Air quotation marks in place of the needed ones…

Look at me over here!

Prison profit CREATES a demand for more prisoners… Damn Skippy!

The Prison Industry in the United States: Big Business or a New Form of Slavery?

Human rights organizations, as well as political and social ones, are condemning what they are calling a new form of inhumane exploitation in the United States, where they say a prison population of up to 2 million – mostly Black and Hispanic – are working for various industries for a pittance. For the tycoons who have invested in the prison industry, it has been like finding a pot of gold. They don’t have to worry about strikes or paying unemployment insurance, vacations or comp time. All of their workers are full-time, and never arrive late or are absent because of family problems; moreover, if they don’t like the pay of 25 cents an hour and refuse to work, they are locked up in isolation cells.

There are approximately 2 million inmates in state, federal and private prisons throughout the country. According to California Prison Focus, “no other society in human history has imprisoned so many of its own citizens.” The figures show that the United States has locked up more people than any other country: a half million more than China, which has a population five times greater than the U.S. Statistics reveal that the United States holds 25% of the world’s prison population, but only 5% of the world’s people. From less than 300,000 inmates in 1972, the jail population grew to 2 million by the year 2000. In 1990 it was one million. Ten years ago there were only five private prisons in the country, with a population of 2,000 inmates; now, there are 100, with 62,000 inmates. It is expected that by the coming decade, the number will hit 360,000, according to reports.

What has happened over the last 10 years? Why are there so many prisoners?

“The private contracting of prisoners for work fosters incentives to lock people up. Prisons depend on this income. Corporate stockholders who make money off prisoners’ work lobby for longer sentences, in order to expand their workforce. The system feeds itself,” says a study by the Progressive Labor Party, which accuses the prison industry of being “an imitation of Nazi Germany with respect to forced slave labor and concentration camps.”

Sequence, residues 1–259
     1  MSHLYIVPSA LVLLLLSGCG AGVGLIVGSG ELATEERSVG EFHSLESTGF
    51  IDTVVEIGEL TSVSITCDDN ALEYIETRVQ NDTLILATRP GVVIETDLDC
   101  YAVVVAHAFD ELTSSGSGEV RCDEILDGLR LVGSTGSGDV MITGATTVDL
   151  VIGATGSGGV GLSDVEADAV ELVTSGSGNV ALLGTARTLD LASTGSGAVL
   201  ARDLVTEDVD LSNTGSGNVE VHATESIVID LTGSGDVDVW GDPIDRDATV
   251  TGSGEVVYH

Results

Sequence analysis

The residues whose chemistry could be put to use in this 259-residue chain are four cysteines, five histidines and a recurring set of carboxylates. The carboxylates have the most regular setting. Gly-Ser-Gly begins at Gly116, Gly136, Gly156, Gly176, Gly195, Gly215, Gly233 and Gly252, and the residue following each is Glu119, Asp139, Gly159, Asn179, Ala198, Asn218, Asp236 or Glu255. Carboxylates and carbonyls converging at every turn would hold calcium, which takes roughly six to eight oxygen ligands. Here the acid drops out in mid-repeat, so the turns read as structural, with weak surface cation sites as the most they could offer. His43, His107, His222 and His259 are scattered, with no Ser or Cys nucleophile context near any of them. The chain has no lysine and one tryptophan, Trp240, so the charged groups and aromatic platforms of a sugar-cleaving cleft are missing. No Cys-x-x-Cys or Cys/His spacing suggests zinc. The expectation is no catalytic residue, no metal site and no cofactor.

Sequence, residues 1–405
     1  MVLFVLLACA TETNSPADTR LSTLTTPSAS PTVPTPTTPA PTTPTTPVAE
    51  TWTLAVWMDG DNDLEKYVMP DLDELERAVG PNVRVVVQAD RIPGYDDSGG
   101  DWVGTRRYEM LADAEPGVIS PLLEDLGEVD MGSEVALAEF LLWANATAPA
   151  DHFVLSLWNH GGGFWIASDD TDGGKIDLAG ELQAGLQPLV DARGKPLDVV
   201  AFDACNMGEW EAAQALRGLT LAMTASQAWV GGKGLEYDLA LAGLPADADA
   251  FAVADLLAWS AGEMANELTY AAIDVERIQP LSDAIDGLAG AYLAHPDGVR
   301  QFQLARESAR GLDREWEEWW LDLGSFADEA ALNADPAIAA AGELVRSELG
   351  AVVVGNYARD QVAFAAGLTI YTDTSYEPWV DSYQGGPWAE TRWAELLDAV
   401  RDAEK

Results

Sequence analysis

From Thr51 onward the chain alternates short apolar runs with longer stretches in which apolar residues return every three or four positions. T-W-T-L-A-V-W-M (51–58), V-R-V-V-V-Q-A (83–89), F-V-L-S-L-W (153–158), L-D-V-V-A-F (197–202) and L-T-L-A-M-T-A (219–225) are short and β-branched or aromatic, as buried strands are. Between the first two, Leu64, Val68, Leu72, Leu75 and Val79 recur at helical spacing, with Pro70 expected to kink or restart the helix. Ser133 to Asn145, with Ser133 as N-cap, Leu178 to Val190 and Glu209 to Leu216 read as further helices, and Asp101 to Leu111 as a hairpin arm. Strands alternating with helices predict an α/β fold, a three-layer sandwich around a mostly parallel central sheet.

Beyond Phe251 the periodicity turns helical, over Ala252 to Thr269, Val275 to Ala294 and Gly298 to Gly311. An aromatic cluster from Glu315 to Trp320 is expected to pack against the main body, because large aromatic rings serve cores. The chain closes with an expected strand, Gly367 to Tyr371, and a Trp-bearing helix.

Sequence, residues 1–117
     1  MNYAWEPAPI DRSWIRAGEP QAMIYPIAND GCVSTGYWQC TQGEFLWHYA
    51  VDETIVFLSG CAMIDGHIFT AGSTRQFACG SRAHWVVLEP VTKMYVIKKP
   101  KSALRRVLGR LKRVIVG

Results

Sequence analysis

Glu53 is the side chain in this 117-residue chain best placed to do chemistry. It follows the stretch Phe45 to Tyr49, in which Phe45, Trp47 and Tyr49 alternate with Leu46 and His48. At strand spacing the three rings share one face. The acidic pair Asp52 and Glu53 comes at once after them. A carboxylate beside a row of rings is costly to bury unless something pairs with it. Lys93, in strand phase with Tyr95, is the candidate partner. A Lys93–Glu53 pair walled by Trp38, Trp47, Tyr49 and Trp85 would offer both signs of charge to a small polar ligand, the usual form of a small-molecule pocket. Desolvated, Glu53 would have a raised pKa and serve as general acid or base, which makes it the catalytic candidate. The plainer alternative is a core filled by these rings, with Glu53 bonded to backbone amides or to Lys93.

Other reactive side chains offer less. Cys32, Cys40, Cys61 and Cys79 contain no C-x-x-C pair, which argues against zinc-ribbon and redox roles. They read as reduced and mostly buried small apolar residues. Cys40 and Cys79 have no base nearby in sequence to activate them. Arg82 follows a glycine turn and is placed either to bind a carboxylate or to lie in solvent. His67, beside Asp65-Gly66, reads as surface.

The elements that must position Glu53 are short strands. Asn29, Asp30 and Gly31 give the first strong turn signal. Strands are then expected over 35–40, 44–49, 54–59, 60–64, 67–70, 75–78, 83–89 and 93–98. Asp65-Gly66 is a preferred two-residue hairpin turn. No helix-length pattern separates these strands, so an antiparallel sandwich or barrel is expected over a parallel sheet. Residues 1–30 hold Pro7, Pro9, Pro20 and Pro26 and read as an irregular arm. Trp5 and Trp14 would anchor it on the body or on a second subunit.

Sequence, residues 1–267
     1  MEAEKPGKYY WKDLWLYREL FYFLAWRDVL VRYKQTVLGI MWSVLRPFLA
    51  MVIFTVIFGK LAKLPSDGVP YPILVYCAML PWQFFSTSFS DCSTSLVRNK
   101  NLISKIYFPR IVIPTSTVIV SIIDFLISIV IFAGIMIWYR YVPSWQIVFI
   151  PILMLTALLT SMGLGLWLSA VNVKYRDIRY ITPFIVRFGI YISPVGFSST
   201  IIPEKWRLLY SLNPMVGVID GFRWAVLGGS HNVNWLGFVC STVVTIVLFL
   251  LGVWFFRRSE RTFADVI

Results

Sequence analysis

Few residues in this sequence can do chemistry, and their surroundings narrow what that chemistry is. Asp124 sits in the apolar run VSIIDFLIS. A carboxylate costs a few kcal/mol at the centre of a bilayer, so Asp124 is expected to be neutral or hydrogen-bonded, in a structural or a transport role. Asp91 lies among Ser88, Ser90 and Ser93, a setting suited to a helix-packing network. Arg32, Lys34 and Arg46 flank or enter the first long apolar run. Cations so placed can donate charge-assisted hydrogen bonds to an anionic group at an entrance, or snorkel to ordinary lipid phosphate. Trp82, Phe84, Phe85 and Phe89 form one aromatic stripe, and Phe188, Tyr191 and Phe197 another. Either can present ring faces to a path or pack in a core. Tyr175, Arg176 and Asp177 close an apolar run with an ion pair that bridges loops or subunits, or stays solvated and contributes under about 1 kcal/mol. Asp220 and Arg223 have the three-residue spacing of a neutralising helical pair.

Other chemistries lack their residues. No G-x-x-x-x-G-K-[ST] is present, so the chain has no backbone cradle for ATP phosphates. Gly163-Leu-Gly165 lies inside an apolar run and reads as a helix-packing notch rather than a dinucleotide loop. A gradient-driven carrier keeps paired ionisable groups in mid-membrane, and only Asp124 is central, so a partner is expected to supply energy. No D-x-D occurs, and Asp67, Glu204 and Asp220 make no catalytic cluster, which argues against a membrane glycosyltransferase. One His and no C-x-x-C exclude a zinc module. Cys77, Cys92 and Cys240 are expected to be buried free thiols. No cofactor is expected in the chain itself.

At least he has a sense of humor about it…

“That picture was taken during the Sikh day parade. He was one of the first people I photographed. He’s a computer IT specialist. He travels a lot. Sikhs at the time were being randomly selected for security. I wish people would just say “you have that thing on your hand and we aren’t sure what it is” instead telling someone they are randomly selected. One time he wore the shirt through security and the guard chuckled. It’s a way of loading off steam at the reality that people have to face.

When the tragedy first happened, my heart sunk. A time frame is a time frame. The pictures have been out there. I wasn’t thinking that people need to see this. When I was speaking to the Sikh Coalition, I was thinking this is the perfect time for people to see them because they wouldn’t just see the suffering but see the positive things. I had this vision of how I wanted these pictures to look. I’m not creating a false environment; I want to portray the positive images not in crisis and in mourning. Those types of pictures are important. But I want people to understand the vibrancy of this community.”

Photographing Sikhs With Fiona Aboud